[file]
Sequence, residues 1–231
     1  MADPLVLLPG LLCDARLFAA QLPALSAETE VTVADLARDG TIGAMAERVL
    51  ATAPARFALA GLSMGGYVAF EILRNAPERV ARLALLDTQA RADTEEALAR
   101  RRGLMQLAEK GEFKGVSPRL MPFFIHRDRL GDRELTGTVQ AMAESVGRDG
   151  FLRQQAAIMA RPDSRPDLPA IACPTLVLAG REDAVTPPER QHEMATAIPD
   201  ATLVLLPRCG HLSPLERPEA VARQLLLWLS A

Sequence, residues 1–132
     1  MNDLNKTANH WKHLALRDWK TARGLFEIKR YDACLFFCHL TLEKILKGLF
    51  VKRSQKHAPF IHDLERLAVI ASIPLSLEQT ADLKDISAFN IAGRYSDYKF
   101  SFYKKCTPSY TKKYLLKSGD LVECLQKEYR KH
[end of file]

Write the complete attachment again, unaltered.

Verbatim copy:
Sequence, residues 1–231
     1  MADPLVLLPG LLCDARLFAA QLPALSAETE VTVADLARDG TIGAMAERVL
    51  ATAPARFALA GLSMGGYVAF EILRNAPERV ARLALLDTQA RADTEEALAR
   101  RRGLMQLAEK GEFKGVSPRL MPFFIHRDRL GDRELTGTVQ AMAESVGRDG
   151  FLRQQAAIMA RPDSRPDLPA IACPTLVLAG REDAVTPPER QHEMATAIPD
   201  ATLVLLPRCG HLSPLERPEA VARQLLLWLS A

Sequence, residues 1–132
     1  MNDLNKTANH WKHLALRDWK TARGLFEIKR YDACLFFCHL TLEKILKGLF
    51  VKRSQKHAPF IHDLERLAVI ASIPLSLEQT ADLKDISAFN IAGRYSDYKF
   101  SFYKKCTPSY TKKYLLKSGD LVECLQKEYR KH